Seattle police have arrested Phoenix Jones, a “real life superhero,” for assault. Jones, whose real name is Benjamin John Francis Fodor, is part of a small but merry and extremely eccentric band of concerned citizens taking up alter egos to fight crime in communities nationwide.
Super powers apparently included pepper spray
During the past few years, the phenomenon of “real life superheroes” has come to national attention. A growing number of people in various cities are donning costumes to fight crime. One of the most prominent, a Seattle-based superhero who calls himself “Phoenix Jones,” was recently arrested by the Seattle Police Department for assault.
According to CBS, Benjamin John Francis Fodor, alias “Phoenix Jones,” was patrolling the streets of Seattle on Oct. 11 when he and his sidekick, “Ghost,” ran toward a group of four people that Fodor claims were fighting and broke them up, using pepper spray in the process. He then chased after a BMW that nearly hit a pedestrian, after which the four people he said were fighting accosted him.
The Seattle Police was called and arrested Fodor for assault. The peppered party insisted to police they weren’t fighting, and video footage was inconclusive.
Fodor’s mask and costume were confiscated. Seattle police say that Fodor has a history of inserting himself in similar situations and pepper spraying people, according to ABC. Several other people complained of being pepper sprayed on the night in question.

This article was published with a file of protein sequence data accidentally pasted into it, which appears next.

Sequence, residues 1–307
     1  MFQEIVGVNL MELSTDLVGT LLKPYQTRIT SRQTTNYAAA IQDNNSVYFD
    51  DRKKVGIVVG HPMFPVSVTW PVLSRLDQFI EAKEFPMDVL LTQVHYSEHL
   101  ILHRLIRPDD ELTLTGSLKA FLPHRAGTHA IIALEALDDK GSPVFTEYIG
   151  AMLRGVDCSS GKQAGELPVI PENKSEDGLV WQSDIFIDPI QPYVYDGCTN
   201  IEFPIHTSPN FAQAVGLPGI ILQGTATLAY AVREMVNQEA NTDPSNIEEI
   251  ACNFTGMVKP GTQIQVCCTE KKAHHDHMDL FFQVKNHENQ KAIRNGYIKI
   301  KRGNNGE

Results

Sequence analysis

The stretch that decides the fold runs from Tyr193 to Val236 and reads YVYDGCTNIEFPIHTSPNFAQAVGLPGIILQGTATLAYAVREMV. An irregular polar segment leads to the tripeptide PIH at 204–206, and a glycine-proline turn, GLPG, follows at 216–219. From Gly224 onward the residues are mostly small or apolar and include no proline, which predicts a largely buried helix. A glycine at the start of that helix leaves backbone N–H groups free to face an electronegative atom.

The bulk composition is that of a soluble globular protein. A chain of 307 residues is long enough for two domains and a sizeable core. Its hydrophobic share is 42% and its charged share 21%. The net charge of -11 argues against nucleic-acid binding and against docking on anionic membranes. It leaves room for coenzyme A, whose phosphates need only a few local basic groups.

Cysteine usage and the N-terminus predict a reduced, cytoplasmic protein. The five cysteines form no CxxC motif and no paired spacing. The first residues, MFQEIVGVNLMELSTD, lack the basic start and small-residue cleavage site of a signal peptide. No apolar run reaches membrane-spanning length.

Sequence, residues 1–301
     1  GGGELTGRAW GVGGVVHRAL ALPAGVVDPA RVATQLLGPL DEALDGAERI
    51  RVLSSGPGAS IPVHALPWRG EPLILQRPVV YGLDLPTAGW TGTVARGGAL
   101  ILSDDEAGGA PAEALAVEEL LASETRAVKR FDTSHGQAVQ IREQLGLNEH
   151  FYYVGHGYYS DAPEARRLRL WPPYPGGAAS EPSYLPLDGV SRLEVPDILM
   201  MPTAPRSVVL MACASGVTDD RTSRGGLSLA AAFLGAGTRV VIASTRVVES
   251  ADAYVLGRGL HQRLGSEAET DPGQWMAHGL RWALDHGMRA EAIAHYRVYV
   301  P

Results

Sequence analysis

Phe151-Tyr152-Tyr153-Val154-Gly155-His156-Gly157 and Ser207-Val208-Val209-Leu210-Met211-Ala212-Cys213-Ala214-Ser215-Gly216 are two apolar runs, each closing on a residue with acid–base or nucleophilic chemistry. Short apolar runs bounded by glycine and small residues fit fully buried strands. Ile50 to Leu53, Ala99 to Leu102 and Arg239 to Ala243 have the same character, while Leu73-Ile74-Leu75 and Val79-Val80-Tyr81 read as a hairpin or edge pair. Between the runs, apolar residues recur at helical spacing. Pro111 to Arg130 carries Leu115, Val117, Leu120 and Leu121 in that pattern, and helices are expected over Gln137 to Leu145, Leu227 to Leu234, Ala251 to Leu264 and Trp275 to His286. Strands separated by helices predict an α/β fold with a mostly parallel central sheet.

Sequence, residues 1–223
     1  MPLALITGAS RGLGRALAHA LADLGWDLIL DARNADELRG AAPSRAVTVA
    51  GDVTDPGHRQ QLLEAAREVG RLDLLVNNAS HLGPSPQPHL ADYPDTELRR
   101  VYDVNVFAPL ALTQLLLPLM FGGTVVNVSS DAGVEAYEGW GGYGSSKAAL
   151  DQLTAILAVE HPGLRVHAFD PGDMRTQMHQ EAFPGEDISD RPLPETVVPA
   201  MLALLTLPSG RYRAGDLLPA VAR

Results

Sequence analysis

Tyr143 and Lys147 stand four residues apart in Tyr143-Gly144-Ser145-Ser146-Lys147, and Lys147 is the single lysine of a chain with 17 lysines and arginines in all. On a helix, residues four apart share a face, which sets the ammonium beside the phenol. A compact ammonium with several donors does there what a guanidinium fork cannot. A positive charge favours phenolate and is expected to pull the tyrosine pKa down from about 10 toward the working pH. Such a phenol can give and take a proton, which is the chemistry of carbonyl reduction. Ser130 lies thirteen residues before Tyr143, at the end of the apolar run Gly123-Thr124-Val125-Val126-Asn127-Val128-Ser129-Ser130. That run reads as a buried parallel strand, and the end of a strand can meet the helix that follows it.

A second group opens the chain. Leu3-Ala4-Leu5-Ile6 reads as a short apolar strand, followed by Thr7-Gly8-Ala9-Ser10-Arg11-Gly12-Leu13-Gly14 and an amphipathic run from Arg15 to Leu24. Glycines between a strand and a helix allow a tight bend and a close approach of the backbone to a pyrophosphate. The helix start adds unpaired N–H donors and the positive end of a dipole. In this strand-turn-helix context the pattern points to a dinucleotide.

Fodor, as “Phoenix Jones,” is part of the “Rain City Superhero Movement.” The group is a collection of like-minded costumed crusaders in Seattle, Wash., including Fodor’s wife, who goes by the name “PurpleReign.”
Not all their ventures are folly. Phoenix Jones, according to a CBS, foiled a possible car robbery in January, by stopping a man from breaking into a car. Most of the “real life superheroes” are unarmed and many also do charitable work, such as taking meals to senior citizens.
Similar groups, like the Black Monday Society in Salt Lake City, Utah, exist nationwide. They have websites like RealLifeSuperheroes.org and SuperheroesAnonymous.com and WorldSuperheroRegistry.com. According to the World Superhero Registry, there are “real life superheroes” in Canada, Britain and Italy.
Curious caped crusaders
A 2008 article from the Times of London recounts another “superhero” who ran afoul of authorities. A Los Angeles-based superhero called “Black Owl” was confined to a mental health facility, according to to his daughter, after he “forgot…for a moment, that he did not have real superpowers. He could not just fly away.”
“Black Owl” was superseded in L.A. by “Mr. Invisible.” “Mr. Invisible” found his costume successfully kept him invisible at times when a drunk didn’t see him in a darkened alley and peed on him. “Mr. Invisible” was retired as of 2008, according to The Times.
Police in Columbia, Tenn., told a 20-year-old “superhero” called “The Viper” to curtail his crime fighting activities in July 2010, according to ABC affiliate WKRN. Police felt he would attract the attention of criminals and they feared for his safety.
Real Life Superheroes: http://www.reallifesuperheroes.org/
Superheroes Anonymous: http://superheroesanonymous.com/
World Superhero Registry: http://www.worldsuperheroregistry.com/index.htm
The Times: http://www.timesonline.co.uk/tol/news/world/us_and_americas/article5404186.ece
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